Disabled Rent Increase Exemption
(Column: Ask the Housing Experts)
A new exemption from rent increases is available to thousands of low-income tenants in New York City with disabilities who are currently living in rent-regulated housing. The new program, called the Disabled Rent Increase Exemption, or DRIE, exempts people with disabilities from future rent increases as long as their rent is more than one-third of the household's disposable income. DRIE is patterned after another popular program available only to senior citizens, called the Senior Citizen Rent Increase Exemption program (SCRIE).
Mayor Bloomberg signed the DRIE bill into New York City law on August 9th, 2005. This new program became available in early October 2005.
To be eligible for DRIE, applicants have to meet the following criteria:
Be in receipt of SSI, SSDI, Veterans' benefits, or be currently enrolled in the Medicaid Buy-In Program for the Working Disabled
Have a disabled head of the household
Have a total annual household income of the current income tax year of
An individual living alone: $17,004
An individual living with others but paying his/her own expenses: $15,468
A couple living alone: $24,372
A couple living with others but paying for their own expenses: $22,980
Reside in rent-regulated housing (aka rent-controlled or rent stabilized)
Pay rent that is more than one-third of the household's disposable income
Keep in mind that people who currently receive SCRIE cannot also apply for DRIE; a person may be in one program or the other, but not both. Also, in some circumstances, when a person is receiving DRIE, but becomes eligible for SCRIE, personal circumstances may lead him or her to choose one subsidy over another.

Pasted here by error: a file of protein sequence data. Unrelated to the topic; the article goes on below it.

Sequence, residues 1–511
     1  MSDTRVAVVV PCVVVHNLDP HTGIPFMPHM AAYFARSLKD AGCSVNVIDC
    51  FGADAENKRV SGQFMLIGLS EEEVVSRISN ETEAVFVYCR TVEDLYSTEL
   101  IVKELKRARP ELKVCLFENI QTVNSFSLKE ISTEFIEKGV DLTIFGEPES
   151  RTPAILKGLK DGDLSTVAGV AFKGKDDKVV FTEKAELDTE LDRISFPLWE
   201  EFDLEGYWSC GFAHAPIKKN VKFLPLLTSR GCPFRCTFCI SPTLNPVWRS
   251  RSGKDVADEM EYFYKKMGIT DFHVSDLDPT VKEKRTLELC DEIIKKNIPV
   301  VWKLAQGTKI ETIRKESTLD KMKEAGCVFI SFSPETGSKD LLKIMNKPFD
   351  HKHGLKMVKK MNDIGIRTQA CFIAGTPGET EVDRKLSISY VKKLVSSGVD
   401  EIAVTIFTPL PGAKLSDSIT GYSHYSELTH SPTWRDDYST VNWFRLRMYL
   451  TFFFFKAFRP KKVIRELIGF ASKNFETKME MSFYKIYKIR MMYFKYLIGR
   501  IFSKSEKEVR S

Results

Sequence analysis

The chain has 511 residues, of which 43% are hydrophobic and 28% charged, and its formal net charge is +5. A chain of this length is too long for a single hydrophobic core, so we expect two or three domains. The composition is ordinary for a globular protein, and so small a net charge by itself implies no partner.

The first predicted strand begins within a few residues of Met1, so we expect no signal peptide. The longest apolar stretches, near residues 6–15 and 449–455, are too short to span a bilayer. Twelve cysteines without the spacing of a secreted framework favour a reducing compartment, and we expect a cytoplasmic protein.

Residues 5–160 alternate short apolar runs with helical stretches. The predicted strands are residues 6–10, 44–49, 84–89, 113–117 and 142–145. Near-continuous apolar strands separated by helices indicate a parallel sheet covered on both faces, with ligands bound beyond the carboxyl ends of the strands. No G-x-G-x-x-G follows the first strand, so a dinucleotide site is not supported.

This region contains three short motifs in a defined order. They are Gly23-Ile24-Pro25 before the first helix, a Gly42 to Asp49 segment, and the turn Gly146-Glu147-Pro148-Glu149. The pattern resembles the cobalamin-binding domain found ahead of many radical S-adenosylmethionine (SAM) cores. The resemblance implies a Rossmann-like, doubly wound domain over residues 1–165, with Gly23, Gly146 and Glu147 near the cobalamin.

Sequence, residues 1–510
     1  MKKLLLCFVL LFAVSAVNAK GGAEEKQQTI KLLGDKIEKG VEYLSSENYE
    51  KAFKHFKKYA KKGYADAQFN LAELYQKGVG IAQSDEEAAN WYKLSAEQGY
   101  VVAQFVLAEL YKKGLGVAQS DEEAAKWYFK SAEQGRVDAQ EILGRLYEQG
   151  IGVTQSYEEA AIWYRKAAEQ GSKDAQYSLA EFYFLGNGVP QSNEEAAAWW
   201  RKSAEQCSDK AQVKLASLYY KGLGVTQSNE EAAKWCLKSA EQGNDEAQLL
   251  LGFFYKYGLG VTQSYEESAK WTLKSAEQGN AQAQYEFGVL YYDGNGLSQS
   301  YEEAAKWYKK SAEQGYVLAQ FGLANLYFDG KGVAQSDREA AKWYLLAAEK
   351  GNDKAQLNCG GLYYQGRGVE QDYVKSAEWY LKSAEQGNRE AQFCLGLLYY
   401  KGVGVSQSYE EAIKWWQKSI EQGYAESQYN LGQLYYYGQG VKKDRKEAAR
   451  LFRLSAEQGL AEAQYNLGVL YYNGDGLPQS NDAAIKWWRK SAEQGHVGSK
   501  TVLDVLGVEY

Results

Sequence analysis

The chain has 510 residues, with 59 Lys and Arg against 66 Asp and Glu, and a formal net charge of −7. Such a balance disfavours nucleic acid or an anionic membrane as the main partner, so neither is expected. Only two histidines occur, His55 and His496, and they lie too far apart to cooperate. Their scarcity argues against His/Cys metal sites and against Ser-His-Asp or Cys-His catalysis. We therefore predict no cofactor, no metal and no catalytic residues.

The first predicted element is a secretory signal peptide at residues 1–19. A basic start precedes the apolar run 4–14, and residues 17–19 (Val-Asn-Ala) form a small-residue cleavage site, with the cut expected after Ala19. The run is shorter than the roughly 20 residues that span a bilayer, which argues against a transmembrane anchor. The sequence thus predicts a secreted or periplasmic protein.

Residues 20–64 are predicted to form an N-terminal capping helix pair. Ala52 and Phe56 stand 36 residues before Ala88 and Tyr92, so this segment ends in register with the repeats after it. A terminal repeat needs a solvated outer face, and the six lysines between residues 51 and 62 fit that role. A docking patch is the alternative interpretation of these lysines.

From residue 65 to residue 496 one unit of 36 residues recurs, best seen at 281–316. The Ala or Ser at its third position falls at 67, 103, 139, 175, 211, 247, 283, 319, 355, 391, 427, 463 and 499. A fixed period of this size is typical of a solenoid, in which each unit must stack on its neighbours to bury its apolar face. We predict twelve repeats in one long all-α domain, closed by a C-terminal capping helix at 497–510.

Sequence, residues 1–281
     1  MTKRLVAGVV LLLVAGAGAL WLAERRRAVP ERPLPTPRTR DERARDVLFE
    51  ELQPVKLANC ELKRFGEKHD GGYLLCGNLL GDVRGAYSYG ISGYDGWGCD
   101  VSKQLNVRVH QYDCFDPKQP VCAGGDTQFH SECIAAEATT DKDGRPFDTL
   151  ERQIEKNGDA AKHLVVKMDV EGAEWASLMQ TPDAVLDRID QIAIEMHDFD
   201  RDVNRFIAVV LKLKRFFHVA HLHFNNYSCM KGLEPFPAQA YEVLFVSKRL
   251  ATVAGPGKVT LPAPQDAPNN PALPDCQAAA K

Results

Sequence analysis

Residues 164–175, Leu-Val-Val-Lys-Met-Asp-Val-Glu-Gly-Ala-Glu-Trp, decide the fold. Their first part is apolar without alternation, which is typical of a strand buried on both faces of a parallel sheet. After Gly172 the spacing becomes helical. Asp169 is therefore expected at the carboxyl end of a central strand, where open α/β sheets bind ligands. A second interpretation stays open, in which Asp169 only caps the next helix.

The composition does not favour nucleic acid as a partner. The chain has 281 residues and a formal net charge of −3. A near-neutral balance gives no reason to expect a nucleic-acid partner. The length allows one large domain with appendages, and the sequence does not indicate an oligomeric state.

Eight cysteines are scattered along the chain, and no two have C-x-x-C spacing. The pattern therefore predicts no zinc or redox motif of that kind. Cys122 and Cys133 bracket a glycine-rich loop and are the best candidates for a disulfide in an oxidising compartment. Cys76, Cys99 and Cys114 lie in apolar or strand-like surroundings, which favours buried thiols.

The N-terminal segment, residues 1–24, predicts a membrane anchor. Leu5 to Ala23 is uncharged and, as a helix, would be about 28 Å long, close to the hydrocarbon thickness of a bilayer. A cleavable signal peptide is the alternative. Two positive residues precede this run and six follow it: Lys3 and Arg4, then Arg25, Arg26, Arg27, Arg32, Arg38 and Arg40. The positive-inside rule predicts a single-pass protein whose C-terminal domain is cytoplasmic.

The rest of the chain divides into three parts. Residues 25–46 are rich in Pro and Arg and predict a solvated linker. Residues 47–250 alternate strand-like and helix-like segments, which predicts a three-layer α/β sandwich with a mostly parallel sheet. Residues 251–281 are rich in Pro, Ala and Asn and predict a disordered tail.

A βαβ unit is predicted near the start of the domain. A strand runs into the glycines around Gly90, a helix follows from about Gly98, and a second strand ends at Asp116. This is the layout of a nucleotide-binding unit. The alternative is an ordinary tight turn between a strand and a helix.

The NYC Department for the Aging can assist people in trying to decide which subsidy is right for them. It is also important to know that if you are determined to be eligible for DRIE, you will be exempt from future rent increases; it does not affect rent increases you have already received (though in cases where benefits are approved retroactively, the landlord may credit any overpayment made toward future rent payments, or give you a refund for the increase).
It is also important to note that a disabled person who is not receiving one of the entitlements/benefits listed above is not eligible for DRIE even if s/he meets the other eligibility criteria and are disabled. In addition, the disabled person who would receive DRIE must be the head of the household applying.
Thus, a household with a disabled child cannot apply unless the head of the household is also disabled. You may still be eligible to apply for/receive DRIE if you work as long as you continue to receive one of the entitlements or benefits listed above and do not exceed the previously mentioned income requirements. Lastly, if you receive DRIE and want to move, you must reapply for DRIE through the Department of Finance for the new apartment or co-op where you will be living, so that your eligibility and subsidy amount can be recalculated for your new circumstances.
Landlords will also benefit from participating in the DRIE program by receiving a credit (aka abatement) that they can apply to their property taxes to compensate them for the rent increases they would have received if the tenant(s) were not in the DRIE program.